Have A Great Day

Posted by Doris Freeman, Broker/Agent, Realtor, Madison-Gibson-Crockett (RE/MAX REALTY SOURCE) almost 10 years ago

RANDY, I find it annoying to get in a house and find out it was advertised as a four bedroom and it is really a 3 bedroom with an office.  I'm not sure why you would lie about your listing because the truth will come out.

Posted by Marchel Peterson, Spring TX Real Estate E-Pro (Results Realty) almost 10 years ago

Randy, I agree.  Not only does it not sell homes, it's what perpetuate the bad rep that the industry has.

Posted by Anthony Kirlew, Helping You Make Fiscally Sound Choices (Fiscally Sound) almost 10 years ago

And the worst part is, it only takes a few to mess it up for the rest. Its a shame that honesty is still one of the hardest traits to keep.

Great post, hopefully those who do this will see themselves and straighten up.

Posted by Danial Dansereau, Fernandina Beach Realtor® (Watson Realty Corp.) almost 10 years ago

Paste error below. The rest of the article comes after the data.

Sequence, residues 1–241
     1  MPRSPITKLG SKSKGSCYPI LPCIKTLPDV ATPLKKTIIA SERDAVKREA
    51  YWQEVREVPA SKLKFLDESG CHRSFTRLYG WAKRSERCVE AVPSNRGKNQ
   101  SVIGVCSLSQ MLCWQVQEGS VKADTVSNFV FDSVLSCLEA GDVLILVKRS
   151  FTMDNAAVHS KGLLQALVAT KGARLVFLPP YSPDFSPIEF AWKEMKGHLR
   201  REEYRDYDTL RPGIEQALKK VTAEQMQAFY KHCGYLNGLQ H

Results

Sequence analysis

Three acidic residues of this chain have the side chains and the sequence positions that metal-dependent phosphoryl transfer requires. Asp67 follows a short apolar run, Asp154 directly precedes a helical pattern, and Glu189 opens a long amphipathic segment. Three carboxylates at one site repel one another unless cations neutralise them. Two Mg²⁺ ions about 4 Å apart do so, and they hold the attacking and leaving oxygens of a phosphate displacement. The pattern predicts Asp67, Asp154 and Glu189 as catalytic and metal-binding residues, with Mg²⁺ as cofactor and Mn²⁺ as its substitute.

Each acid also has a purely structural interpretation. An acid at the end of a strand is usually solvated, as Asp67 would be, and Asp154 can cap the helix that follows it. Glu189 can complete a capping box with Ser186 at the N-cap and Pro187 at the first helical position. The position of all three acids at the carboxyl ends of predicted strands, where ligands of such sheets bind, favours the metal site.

I once ran an ad that said "Abominable Condition: 4 level Victorian bay front has seen too many toga parties."  My Open House was mobbed and it sold in 4 days with multiple offers in a bad market.  People thought I was exaggerating.  I wasn't.  It's about lowered expectations.

Posted by Patricia Kennedy, Home in the Capital (RLAH Real Estate) almost 10 years ago

Randy I don't think I have ever heard that one before "the termite holding hands are the only thing holding up the roof" .......... LOL

I really don't know what they hope to gain by waisting peoples time and gas, by getting them to the house under false pretense.

Posted by George Souto, Your Connecticut Mortgage Expert (George Souto NMLS #65149 FHA, CHFA, VA Mortgages) almost 10 years ago

I wrote a post a short while ago about how another agents "puffery" could hurt my clients.  What good does it do to lie about the number of bathrooms or the condition of the house.  Do agents think when we get there the buyers will somehow fall in love with it despite the condition.  It doesn't happen that way.  Especially in a market with hundreds of houses to choose from.  Get real and tell it like it is. 

Posted by Cindy Jones, Pentagon, Fort Belvoir & Quantico Real Estate News (Integrity Real Estate Group) almost 10 years ago

The last thing people want is for you to over promise and under deliver. I think that is the best way to ensure that a client is dissapointed when they view a property.

Posted by Pete Jalbert, R(S) (The Maui Real Estate Team, Inc. ) almost 10 years ago

I was taught years ago to always point out the flaws right away. Somehow they didn't seem that bad once you talked about them.

Posted by Monika McGillicuddy, Southern NH & the Seacoast Area (Berkshire Hathaway HomeServices Verani Realty) almost 10 years ago